Synopses & Reviews
This major study reconsiders the creation of the Gandhian legend through the myriad texts and images that helped spread it through both India and the Western world. In revealing how the picture of the Mahatma as saint-as-politician was founded on Indian nationalistic selectivity and limited Western representations of Gandhi, Claude Markovits shows how Gandhi's legend has obscured the facts of his public career. Gandhi's professional role in the public sphere, Markovits argues, was heavily influenced by his long and critical phase of maturation in South Africa, a period often dismissed as the precursor to his celebrated work in India. Markovits proposes that Gandhi's later Indian career, marked by his meteoric rise to prominence, was the result of his own radical self-reinvention as he negotiated the pitfalls of political life in order to create his influential political manifesto. In re-evaluating critical stages of Gandhi's career, and his sometimes ambivalent ideological positions, Markovits confronts the discrepancies between his early and late careers, closely rereading the Mahatma's varying intellectual positions as described both within his own writings and in those by commentators and biographers. Rather than seeing Gandhi as an upholder of traditional Indian values, Markovits stresses the paradoxical modernity of Gandhi's anti-modernism.
An examination of the life and afterlife of the Mahatma.
This major study reconsiders the creation of the Gandhian legend through the myriad texts and images that helped spread it through both India and the Western world.
About the Author
Claude Markovits is Director of research at CNRS (Centre National de la Recherche Scientifique) and is Director of the Centre d'Etudes de L'Inde et de L'Asie du Sud, L'Ecole des Hautes Etudes en Sciences Sociales, France.
Table of Contents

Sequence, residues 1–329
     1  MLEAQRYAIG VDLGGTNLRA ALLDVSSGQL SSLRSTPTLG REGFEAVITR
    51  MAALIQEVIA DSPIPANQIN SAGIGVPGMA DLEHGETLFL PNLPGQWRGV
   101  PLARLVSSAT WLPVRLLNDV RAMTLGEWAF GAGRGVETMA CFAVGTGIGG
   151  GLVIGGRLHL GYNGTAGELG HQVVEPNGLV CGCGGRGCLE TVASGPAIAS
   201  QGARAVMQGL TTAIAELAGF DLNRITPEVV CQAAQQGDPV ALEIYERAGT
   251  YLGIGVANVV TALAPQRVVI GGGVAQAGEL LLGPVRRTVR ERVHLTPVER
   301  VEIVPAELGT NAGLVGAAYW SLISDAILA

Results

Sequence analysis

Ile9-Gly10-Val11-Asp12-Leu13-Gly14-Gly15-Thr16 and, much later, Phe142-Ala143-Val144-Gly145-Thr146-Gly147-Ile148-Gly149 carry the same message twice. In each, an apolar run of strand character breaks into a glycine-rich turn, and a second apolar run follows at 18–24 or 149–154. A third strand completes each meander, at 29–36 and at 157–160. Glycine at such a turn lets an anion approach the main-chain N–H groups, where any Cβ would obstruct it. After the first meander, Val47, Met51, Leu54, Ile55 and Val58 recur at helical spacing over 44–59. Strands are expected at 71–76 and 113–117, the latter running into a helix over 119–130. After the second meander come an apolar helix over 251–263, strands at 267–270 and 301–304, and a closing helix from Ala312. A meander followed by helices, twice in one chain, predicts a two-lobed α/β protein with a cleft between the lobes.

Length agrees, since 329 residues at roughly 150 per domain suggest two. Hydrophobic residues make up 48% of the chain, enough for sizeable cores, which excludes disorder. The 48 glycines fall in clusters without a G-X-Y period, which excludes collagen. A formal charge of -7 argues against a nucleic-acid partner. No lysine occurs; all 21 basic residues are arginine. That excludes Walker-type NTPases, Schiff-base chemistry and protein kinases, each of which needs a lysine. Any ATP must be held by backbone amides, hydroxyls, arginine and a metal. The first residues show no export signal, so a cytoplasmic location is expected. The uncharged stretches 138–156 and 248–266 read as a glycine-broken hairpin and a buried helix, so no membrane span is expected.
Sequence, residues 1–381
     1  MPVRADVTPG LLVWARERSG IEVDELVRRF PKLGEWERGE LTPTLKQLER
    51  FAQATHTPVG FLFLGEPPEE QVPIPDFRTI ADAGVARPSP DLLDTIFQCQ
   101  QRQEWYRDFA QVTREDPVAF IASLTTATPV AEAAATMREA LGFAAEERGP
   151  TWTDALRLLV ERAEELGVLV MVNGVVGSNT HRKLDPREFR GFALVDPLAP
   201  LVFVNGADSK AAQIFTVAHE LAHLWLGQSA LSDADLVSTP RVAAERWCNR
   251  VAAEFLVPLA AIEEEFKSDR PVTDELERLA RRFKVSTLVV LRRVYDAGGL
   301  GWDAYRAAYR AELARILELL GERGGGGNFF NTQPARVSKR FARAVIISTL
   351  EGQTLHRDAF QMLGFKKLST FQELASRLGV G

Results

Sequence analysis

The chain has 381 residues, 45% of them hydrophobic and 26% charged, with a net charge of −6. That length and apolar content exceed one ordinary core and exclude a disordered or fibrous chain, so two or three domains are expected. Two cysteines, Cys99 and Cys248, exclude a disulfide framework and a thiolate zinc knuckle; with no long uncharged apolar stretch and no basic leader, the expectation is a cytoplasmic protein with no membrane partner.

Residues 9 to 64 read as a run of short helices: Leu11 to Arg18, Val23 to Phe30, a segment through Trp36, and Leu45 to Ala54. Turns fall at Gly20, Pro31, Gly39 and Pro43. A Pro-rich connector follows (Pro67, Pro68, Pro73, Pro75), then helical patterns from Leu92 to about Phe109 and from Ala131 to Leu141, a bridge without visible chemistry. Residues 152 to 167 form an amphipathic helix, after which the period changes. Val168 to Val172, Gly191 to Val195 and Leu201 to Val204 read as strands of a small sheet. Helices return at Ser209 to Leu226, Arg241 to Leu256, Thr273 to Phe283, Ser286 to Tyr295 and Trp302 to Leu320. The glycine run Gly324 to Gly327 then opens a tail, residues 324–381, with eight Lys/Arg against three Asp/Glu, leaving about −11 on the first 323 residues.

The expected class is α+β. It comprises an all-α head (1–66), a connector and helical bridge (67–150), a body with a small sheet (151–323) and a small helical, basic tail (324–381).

Preface, Introduction; I. Perceptions of Gandhi: 1. IMAGES OF GANDHI: Gandhian Iconography; Gandhi and the West: The Saint and His Critiques; Gandhi's Image in France; Gandhi on the Screen: Consecration of the Icon; Gandhi in Indian Eyes: Diversity of Perceptions and Practices; 2. THE IMPOSSIBLE BIOGRAPHY OF MOHANDAS K. GANDHI: Gandhi's Biographers; Gandhi as the Limitations of Biography as a Genre; Gandhi as Hiw Own Biographer: The Autobiography; 3. GANDHI'S POSTHUMOUS LIFE: Gandhi in India After 1948: A Disputed Legacy; Gandhism and Its Interpreters; Gandhi ad Political Philosophy; Gandhi, Political Ecology, and Alternative Movements; II: Gandhi in History: 4. BIRTH OF A LEADER: Private Life, Public Life; The Contribution of South Africa; The Emergence of a National Leader in 1915-1920; The Transformation of Gandhi: Towards a New Political Idiom; 5. GANDHI AND INDIAN INDEPENDENCE: Gandhi and the End of Fear; Gandhi as an Organizer; Gandhi's Role in Anti-British Campaigns, 1920-1942; 6. GANDHI AND INDIAN SOCIETY: THE REFORMER AND HIS LEGACY: Gandhi and the Dignity of Manual Labour; Gandhi and the Reconstruction of the Indian Village; Gandhi and the Fight for the Abolition of Untouchability; 7. GANDHI IN THE TIME-FRAME OF INDIAN HISTORY: Between Victorian Intellectual and Neo-traditionalist Hindu; Gandhi and Bourgeois Nationalism; The Nature of Gandhi's Charisma; Gandhi and the Expectations of the Peasantry; 8. GANDHI AND NON-VIOLENCE: Non-violent Resistance: Gandhi's Contribution; From Saryagraha to Non-Violence: A Gandhian Itinerary; Nationalism and Non-violence in India in Gandhi's Lifetime: Myth and Reality; Gandhi and the Pacifists, The Exemplary Nature of Gandhian Non-violence; Conclusion; Select Bibliography; Index